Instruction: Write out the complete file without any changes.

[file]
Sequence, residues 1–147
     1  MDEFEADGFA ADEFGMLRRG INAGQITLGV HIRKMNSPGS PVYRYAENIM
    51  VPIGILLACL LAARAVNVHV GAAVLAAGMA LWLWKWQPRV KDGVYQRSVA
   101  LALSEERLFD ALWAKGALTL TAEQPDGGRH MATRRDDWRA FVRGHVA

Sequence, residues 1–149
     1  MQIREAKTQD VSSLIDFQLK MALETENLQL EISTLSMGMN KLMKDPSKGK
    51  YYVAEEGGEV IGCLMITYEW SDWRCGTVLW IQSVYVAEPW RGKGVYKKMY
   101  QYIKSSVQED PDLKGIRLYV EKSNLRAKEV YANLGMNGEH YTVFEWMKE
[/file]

Sequence, residues 1–147
     1  MDEFEADGFA ADEFGMLRRG INAGQITLGV HIRKMNSPGS PVYRYAENIM
    51  VPIGILLACL LAARAVNVHV GAAVLAAGMA LWLWKWQPRV KDGVYQRSVA
   101  LALSEERLFD ALWAKGALTL TAEQPDGGRH MATRRDDWRA FVRGHVA

Sequence, residues 1–149
     1  MQIREAKTQD VSSLIDFQLK MALETENLQL EISTLSMGMN KLMKDPSKGK
    51  YYVAEEGGEV IGCLMITYEW SDWRCGTVLW IQSVYVAEPW RGKGVYKKMY
   101  QYIKSSVQED PDLKGIRLYV EKSNLRAKEV YANLGMNGEH YTVFEWMKE